British Columbia

Ending tolls snarls traffic on Port Mann, Golden Ears bridges

Traffic on the Port Mann and Golden Ears bridges have gone up by 26 per cent since the tolls were eliminated and commuters are now sitting in traffic for longer.

'It now takes me approximately two and a half hours to get to work," says one regular commuter

Since Sept 1, when the tolls were eliminated on the Port Mann Bridge, congestion has increased. (TI Corp.)

It turns out, the experts were right. 

More drivers are using the Port Mann bridge since tolls were eliminated on Sept 1 by the new NDP government and that's creating some new headaches for drivers.

In the week of Sept. 4 from Monday to Friday, nearly 150,000 more trips were taken on the Port Mann, compared to the same five-day period last year — an increase of 25.58 per cent.

The Golden Ears Bridge saw an even greater increase of 28.25 per cent. 

The end of the tolls was initially welcomed by many drivers including Robert Thomasson who was looking forward to $1,500 in annual savings.

"We were kind of excited about the tolls being lifted," he said. 

But since the tolls were axed his commute from Chilliwack to Burnaby has nearly doubled.

"Before it took me about an hour and 15 minutes. It now takes me approximately two and a half hours to get to work," he said. 

As unpleasant as the 4:30 a.m. wake up calls are, Thomasson said his main struggle is dropping off his three children at school.

"We're having to drop our kids off at the school bus an hour before the school bus even arrives," he said.

"So they're standing outside waiting for an hour waiting for the school bus and we have to get to work and my wife is still getting late to work and she's actually getting in a lot of trouble for it," he said.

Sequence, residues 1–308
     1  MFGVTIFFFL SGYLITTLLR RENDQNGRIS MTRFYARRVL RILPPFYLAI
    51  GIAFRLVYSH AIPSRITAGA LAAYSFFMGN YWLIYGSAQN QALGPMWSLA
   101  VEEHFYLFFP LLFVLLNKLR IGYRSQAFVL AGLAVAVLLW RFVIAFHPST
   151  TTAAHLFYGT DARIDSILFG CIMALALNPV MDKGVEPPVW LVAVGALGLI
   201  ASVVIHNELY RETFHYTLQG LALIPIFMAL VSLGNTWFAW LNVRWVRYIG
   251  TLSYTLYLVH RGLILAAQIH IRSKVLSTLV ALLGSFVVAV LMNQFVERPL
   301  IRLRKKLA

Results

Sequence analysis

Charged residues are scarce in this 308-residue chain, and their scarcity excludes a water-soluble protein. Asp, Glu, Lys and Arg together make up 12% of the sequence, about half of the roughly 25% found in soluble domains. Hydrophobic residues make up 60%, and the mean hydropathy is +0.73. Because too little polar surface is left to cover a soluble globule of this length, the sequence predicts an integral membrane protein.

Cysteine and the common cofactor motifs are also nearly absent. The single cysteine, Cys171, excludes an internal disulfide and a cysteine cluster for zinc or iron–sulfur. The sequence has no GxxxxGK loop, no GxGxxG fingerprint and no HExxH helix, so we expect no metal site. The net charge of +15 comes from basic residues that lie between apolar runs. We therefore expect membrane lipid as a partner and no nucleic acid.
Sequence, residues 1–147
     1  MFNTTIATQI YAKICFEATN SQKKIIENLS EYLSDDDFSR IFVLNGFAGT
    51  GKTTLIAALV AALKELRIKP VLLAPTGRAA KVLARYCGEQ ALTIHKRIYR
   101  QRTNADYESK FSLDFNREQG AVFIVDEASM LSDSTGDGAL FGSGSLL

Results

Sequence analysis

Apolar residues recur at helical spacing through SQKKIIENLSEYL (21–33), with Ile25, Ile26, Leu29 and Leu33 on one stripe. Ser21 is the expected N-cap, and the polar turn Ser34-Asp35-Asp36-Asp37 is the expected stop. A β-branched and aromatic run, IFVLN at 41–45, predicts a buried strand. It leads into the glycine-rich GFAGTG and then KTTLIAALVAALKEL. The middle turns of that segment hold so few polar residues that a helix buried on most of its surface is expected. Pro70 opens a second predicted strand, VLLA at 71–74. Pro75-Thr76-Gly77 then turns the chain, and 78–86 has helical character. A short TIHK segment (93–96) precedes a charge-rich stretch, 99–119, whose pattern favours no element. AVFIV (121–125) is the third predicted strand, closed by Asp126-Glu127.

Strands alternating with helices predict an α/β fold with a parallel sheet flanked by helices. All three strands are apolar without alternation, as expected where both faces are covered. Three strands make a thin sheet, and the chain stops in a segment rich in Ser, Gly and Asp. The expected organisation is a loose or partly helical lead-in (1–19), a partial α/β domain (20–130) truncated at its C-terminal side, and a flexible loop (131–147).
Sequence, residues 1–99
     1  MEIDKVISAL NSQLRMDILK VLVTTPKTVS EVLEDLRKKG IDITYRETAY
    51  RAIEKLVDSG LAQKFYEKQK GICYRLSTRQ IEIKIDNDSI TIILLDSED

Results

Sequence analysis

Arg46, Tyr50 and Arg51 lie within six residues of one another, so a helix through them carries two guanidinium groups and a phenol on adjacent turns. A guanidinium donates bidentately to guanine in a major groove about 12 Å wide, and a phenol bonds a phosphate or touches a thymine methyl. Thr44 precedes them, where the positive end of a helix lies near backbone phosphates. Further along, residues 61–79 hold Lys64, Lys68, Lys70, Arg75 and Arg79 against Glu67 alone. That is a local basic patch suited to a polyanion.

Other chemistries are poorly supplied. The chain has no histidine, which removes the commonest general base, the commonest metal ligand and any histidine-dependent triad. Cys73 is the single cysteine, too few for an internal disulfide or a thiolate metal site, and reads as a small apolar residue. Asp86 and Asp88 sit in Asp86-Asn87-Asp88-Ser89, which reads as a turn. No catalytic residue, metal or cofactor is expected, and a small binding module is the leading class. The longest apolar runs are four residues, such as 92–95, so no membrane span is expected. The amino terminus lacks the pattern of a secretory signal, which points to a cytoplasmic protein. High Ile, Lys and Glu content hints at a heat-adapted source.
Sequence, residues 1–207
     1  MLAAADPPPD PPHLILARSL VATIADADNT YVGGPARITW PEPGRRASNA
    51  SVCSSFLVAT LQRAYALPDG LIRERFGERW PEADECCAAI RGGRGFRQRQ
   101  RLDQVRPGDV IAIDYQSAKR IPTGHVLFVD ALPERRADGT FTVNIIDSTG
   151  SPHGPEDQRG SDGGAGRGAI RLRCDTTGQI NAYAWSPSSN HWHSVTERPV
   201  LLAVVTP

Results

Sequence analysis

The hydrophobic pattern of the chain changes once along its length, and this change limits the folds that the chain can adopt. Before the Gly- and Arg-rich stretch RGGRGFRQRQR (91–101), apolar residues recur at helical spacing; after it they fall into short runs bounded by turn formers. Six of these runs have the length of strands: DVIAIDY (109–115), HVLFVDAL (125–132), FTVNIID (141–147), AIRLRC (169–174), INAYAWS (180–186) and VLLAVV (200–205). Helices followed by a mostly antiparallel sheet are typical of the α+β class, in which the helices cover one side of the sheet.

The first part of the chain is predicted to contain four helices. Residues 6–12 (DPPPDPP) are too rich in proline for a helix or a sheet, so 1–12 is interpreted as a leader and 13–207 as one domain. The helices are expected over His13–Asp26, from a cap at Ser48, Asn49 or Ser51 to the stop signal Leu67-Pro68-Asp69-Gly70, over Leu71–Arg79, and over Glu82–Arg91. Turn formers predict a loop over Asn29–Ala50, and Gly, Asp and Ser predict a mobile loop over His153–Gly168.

Thomasson said he's already had to negotiate a later start time at his work and he worries what will happen when the rain and snow start to fall.

Traffic changes around Metro Vancouver

While it's still early days, the traffic pattern has changed across the region. In New Westminster, there's been a reduction in volume. 

"We're seeing traffic down on the weekdays, 11 per cent on Pattullo Bridge and on weekends down 17 per cent. So, we're seeing a bit of a shift from traffic from Pattullo Bridge corridor to the Highway 1 network," said New Westminster Mayor Jonathan Cote.

In Coquitlam, there is anecdotal evidence that there is more traffic along the Lougheed Highway from the Cape Horn interchange into Burnaby.

Meanwhile traffic coming from the east from Port Coquiltam, Pitt Meadows and Maple Ridge through Coquitlam has decreased. 

There are also reports of more accidents on Highway 1. TransLink says it is monitoring the situation but doesn't have any data available to release yet.

TransLink is also monitoring whether the removal of the tolls will have any impact on transit users.

"If people shift from transit to other modes, that can have impact on transit fares and we will have to look at that as well," said Geoff Cross, vice-president of planning and policy for TransLink.

Money has to come from somewhere

Mayor Cote said despite the good news for his area he worries where the money will come from now that the tolls are gone.

"The previous tolling system was not ideal and it wasn't fair across the region," he said.

He points to mobility pricing as a more equitable option.

"Congestion is going to continue to become a bigger issue in our region. We see this as a potential tool to help with demand managing of congestion and to help fund the transportation investments that our region is going to need in the next 10 to 20 years."

A commission is investigating mobility pricing and is to represent its recommendations to TransLink and the Mayors' Council by spring 2018.

With files from Justin McElroy


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